2. Back off, Liz. Mrs McKenzie was a neighbour of mine in Strowan. Both our children attended Waimari School, where my husband and I were fairly actively involved, although I didn’t know Mrs MCKenzie herself personally. Full facts aren’t always reported in the newspapers, and sometimes they do not even make it to trial, but I do believe that you’ve got one fact wrong here, and one major omission.

    That was a terrible neighbourhood tragedy for so many. At a subsequent dinner party, a stranger- woman accused me of being responsible for it, saying that had I supported that mother, then she mightn’t have killed her children. The Timaru family happenings have brought it all back again, but I know enough to know that none of us know very much at all, that we best respect everyone involved by not speculating about them, that this is not a particularly welcoming country to strangers from off -shore, and that my tears this morning are nothing compared to the horrific shadows cast forevermore by these little girls’ deaths. We know nothing.

    • Hi SW. I am a bit confused. My account of the McKenzie case came from the court trial, not the media, including the psychiatric evidence. It was wholly supportive of Elizabeth and her plight. My point was about mental illness in the community. It must have been terrible for you to be accused of not offering such support, but that is rubbish. It was well-established that Elizabeth (and her mother) suffered from a debilitating form of generational depression. You can stand tall – no acquaintance could have prevented that tragedy.

      • I understand the comments about the availability of mental health services and the determination (or not) to improve them.

        As Snow White says, we know nothing. And we do not know that NZ having the best mental health services in the world and Timaru as a city having the best services in the country would have prevented the Timaru tragedy.

        Certainly, demand significant improvements are made so that there is easy access to appropriate help to not have such a terrible thing happen again.

        Certainly learn what we can from the investigation of circumstances around the incident. But let’s take a lot of deep breaths first.

    • Snow White: “That was a terrible neighbourhood tragedy for so many.”

      It was indeed. I heard about it from a relative who has lived in ChCh, and in that area, for many years. Said relative was very involved with Plunket, and if I remember rightly, Mrs McKenzie’s state of mind was characterised as post-natal psychosis. It’s a long time ago, but I’m pretty sure it’s the same case: I remember that the husband was a dentist. However: some of the detail I heard then was different from the above account.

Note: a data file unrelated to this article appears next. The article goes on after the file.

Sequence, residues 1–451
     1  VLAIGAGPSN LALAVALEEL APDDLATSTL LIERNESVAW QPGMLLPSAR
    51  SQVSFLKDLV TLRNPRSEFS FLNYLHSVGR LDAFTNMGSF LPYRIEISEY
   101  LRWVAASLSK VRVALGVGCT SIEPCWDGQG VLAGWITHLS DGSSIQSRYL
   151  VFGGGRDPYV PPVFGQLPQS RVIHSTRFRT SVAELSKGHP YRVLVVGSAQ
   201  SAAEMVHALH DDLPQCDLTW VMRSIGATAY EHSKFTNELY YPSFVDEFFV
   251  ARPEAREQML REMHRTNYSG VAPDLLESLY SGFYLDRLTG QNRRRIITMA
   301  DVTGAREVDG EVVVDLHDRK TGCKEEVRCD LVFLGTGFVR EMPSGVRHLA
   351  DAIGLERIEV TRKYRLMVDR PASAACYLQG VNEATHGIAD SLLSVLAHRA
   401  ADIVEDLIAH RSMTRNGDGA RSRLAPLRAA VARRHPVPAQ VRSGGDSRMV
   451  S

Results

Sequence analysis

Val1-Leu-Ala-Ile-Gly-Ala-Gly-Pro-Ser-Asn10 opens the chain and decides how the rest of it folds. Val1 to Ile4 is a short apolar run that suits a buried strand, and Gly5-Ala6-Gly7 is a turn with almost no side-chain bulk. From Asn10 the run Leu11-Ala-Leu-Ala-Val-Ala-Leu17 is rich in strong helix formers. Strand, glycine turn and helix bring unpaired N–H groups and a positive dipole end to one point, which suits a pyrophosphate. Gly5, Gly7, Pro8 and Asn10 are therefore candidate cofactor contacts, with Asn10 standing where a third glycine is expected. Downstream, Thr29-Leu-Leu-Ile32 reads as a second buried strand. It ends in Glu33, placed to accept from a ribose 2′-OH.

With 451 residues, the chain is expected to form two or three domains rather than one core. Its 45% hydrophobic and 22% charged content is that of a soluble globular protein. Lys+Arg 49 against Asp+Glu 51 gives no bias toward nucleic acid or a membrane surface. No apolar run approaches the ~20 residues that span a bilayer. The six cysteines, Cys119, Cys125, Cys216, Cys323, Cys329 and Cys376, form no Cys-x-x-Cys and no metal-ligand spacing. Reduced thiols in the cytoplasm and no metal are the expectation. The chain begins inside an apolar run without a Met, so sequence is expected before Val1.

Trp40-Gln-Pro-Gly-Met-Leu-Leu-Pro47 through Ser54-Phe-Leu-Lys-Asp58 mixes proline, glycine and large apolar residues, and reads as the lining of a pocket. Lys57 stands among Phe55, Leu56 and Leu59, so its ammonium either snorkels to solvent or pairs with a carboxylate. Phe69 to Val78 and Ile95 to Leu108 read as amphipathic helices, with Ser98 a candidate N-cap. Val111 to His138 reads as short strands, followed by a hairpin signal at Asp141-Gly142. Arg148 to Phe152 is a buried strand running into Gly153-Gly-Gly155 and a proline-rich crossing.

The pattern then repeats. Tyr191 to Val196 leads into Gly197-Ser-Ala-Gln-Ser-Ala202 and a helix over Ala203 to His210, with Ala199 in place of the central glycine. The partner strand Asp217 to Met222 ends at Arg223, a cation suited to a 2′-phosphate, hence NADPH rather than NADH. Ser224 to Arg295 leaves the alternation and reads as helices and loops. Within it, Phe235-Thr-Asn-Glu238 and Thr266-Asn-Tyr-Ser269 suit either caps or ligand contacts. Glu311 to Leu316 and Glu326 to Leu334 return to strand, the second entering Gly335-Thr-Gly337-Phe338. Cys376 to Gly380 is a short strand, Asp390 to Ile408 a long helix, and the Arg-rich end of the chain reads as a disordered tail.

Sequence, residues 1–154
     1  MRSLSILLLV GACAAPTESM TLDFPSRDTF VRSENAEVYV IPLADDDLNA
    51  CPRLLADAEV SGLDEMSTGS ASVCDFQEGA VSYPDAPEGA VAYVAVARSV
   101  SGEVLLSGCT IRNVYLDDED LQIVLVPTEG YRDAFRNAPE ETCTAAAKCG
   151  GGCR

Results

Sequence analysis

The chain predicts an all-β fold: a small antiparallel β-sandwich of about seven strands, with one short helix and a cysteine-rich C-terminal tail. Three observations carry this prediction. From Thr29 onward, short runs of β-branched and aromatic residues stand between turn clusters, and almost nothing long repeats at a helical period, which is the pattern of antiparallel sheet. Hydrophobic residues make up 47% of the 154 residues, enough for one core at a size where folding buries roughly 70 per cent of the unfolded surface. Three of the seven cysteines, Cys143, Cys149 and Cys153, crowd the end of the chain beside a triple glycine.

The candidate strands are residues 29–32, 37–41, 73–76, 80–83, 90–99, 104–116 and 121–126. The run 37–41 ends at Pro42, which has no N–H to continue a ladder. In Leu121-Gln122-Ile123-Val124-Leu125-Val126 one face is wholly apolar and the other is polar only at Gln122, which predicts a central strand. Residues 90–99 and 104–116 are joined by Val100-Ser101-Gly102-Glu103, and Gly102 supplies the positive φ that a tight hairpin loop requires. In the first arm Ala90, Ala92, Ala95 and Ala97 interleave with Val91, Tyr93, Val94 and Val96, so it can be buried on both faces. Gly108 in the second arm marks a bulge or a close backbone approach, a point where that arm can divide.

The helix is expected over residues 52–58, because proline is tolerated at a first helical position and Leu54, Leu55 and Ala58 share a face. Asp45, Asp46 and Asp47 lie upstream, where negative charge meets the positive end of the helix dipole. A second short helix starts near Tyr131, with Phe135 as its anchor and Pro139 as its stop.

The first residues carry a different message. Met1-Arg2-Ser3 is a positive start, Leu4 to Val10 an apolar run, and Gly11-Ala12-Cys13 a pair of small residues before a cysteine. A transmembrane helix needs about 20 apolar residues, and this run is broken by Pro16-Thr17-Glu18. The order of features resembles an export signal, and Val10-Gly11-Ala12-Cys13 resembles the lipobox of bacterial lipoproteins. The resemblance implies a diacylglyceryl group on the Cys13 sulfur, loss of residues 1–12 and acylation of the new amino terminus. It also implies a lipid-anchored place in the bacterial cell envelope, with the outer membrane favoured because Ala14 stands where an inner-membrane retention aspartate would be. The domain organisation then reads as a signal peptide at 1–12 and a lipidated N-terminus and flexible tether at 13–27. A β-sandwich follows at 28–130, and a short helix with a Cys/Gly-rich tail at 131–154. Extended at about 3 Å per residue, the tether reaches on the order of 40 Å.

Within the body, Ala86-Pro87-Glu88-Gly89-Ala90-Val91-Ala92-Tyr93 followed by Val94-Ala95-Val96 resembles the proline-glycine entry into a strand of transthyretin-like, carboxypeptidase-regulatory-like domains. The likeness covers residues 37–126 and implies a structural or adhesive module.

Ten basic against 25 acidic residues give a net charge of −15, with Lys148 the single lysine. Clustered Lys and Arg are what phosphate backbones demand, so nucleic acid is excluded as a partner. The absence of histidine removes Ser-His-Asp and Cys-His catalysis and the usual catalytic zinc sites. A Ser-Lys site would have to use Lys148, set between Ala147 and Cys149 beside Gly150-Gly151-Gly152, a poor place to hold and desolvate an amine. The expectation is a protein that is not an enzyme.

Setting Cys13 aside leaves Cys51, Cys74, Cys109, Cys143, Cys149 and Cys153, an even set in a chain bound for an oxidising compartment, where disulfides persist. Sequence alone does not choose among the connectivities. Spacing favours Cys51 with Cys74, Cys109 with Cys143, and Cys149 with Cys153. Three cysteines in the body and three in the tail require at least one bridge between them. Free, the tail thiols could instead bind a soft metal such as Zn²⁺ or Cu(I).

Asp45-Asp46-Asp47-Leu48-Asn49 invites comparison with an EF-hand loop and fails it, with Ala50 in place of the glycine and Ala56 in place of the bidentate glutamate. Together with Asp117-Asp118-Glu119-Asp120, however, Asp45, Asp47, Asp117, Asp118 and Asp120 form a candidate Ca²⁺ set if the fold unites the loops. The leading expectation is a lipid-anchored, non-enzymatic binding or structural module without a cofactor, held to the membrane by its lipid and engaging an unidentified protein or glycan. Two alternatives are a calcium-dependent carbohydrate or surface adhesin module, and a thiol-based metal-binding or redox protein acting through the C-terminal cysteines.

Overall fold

Some years later, I asked my relative about that case. I was told he’d moved to Australia, while she was still in Sunnyside, with, at that stage, little prospect of release. I have no idea what’s happened since.

      • D’ Esterre, Yes, Mrs McKenzies’ husband was a dentist, and I believe she had double degrees, and I really don’t want to say more – it came about quite quickly, and as in Timaru, an incomprehensible family tragedy became public fodder. Cheers.

        • Snow White: “…an incomprehensible family tragedy…”

          Both of them unimaginably awful. The rest of us can only feel compassion for all concerned.

    • Absolutely.
      The website ‘ssri stories’ is full of incidents of harm after withdrawal or change of psychotropic medications

      SSRI Stories is a collection of over 7,000 stories most of which were published newspapers or scientific journals. In these stories, prescription antidepressant medications are mentioned. Common to all of them is the possibility – sometimes the near certainty – that the drugs caused or were a contributing factor to some negative outcome: suicide, violence, serious physical problems, bad withdrawal reactions, personality change leading to loss of reputation and relationships, etc.
      https://ssristories.org/

      Also, doctors are the number one career for suicide, and within doctoring psychiatrists lead as a sub group. After doctors is dentists, and vets are very high up too.

      Careers for undiagnosed high functioning autism are doctors, accountants, IT geeks, researchers and I cant remember the rest.

      All this tells me the system is so broken, and few have any grasp of what is at play when these tragic events occur.